The New England Patriots have become "America's Team," a position that belonged to the Dallas Cowboys for years. Patriots games are among the greatest shows on earth, with quarterback Tom Brady slinging passes up and down the field on the way to the Football Hall of Fame. Recently, the Patriots beat the Pittsburgh Steelers 55 to 31, a record number of points ever allowed by the Steelers. The game was played in Gillette Stadium, named for a brand Procter & Gamble Co. (PG) bought in 2005 for $57 billion. These naming rights may be the most effective marketing arrangement the deeply troubled consumer products company has.
The Gillette Stadium naming rights cost P&G $8 million a year over a 15-year contract. That is not a very rich deal, according to SB Nation. Citigroup Inc. (NYSE: C) paid $400 million over 20 years to name the stadium in which the New York Mets play. One of the country's worst large banks bought the rights to one of the country's worst baseball teams. MetLife Inc. (MET) pays $16 million a season to name the stadium in which the broken-down New York Jets and New York Giants play.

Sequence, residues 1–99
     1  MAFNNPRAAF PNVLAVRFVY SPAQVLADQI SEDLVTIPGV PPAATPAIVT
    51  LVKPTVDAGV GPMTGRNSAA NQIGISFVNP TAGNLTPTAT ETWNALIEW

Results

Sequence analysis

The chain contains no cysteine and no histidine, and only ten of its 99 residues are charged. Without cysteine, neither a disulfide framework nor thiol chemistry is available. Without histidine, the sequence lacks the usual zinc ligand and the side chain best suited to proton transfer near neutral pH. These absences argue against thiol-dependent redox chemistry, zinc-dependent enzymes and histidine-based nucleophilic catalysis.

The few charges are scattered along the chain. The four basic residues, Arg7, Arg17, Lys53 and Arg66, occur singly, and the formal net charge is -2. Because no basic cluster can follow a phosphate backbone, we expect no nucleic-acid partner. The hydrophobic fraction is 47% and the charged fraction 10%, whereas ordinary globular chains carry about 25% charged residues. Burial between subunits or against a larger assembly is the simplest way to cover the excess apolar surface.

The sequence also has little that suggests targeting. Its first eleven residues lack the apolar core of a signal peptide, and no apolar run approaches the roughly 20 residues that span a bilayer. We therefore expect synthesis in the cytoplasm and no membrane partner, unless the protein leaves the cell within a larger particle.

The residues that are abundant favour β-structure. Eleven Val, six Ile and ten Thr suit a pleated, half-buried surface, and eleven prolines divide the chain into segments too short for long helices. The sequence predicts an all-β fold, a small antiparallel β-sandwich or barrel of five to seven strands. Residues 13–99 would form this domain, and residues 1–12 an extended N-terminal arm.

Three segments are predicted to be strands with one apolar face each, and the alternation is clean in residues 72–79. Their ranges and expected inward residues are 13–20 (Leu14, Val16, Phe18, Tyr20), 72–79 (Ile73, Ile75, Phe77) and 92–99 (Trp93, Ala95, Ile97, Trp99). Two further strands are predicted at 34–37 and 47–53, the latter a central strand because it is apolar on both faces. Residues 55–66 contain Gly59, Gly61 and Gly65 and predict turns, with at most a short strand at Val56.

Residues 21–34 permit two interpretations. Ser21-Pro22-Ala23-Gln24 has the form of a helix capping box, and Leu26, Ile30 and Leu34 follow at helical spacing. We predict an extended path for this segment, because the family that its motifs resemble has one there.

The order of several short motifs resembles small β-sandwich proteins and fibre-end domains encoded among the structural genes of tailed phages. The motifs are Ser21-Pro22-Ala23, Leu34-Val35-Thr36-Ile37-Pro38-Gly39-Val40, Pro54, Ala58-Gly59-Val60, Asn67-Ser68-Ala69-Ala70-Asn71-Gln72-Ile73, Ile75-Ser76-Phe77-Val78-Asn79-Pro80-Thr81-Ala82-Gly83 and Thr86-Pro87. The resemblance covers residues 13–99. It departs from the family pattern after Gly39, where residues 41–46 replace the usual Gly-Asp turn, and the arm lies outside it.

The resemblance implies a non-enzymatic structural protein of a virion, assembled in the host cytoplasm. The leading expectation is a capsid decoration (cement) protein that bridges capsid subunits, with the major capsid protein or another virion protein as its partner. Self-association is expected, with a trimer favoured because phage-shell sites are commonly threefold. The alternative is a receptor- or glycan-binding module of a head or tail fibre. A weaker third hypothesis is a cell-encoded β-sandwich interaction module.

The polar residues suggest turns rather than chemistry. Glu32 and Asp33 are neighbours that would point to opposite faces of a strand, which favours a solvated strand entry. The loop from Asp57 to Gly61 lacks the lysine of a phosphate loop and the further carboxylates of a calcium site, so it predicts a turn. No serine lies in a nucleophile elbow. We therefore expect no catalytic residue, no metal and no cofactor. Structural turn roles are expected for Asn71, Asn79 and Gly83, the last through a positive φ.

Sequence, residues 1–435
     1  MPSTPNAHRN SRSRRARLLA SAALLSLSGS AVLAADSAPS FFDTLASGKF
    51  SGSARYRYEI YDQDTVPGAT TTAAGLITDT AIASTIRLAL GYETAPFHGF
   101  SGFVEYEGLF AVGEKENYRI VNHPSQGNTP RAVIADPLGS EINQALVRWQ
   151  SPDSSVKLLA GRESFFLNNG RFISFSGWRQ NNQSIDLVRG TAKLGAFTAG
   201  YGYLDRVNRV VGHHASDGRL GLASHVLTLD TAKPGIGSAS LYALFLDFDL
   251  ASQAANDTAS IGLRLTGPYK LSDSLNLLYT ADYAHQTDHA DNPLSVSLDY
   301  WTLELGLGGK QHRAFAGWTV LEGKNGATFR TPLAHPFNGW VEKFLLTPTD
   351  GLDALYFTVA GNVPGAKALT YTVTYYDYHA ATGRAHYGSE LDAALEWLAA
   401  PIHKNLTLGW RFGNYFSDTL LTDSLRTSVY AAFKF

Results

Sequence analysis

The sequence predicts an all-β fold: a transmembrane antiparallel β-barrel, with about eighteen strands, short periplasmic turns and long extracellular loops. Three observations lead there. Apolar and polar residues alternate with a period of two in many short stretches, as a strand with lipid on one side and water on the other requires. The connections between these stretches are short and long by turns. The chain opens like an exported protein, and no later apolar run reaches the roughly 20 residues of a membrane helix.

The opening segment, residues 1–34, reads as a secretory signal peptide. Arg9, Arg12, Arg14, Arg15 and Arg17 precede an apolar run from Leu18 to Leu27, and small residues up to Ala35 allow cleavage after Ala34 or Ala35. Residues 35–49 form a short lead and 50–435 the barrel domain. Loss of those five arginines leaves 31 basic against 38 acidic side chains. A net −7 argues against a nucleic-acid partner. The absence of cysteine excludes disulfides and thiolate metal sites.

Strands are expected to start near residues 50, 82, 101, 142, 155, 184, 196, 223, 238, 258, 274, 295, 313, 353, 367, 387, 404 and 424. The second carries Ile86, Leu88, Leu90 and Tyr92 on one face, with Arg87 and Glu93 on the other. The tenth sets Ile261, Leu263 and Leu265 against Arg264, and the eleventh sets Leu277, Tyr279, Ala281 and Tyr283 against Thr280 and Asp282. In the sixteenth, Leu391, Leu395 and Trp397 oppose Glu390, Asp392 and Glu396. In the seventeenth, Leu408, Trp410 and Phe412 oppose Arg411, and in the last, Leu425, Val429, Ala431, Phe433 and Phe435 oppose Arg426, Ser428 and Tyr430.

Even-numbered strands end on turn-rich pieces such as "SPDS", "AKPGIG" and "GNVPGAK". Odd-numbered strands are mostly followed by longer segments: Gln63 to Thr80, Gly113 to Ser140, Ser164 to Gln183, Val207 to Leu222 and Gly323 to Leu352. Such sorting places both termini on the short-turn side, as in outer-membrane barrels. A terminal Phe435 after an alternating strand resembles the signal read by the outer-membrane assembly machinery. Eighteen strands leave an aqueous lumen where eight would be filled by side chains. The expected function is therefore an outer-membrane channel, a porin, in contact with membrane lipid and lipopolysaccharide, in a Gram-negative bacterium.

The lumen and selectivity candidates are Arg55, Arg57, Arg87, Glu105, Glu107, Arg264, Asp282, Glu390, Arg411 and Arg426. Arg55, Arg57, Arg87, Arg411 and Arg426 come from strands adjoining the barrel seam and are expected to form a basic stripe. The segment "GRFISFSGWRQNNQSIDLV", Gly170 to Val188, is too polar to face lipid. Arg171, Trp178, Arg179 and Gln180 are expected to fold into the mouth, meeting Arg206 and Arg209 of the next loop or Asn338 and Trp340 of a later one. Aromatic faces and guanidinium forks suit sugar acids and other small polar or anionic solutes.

The sponsors of unsuccessful teams might argue that these teams are on television frequently and that 70,000 or 80,000 fans attend each home game. That does not solve the problem of being associated with losers. What major company would pick that over an association with champions? It is one of many examples of why brands count in the world of marketing.
The Patriots play in what is deemed a small market. Boston is not a very large city, and neither is Providence, particularly compared to the largest market, New York. But football is, primarily, a sport watched on television, which takes market size out of the equation.
Selling razors or selling financial services aside, Gillette cut an excellent deal, perhaps in part by accident. It could not know the Patriot's future, but there is nothing wrong with an accident if it works out.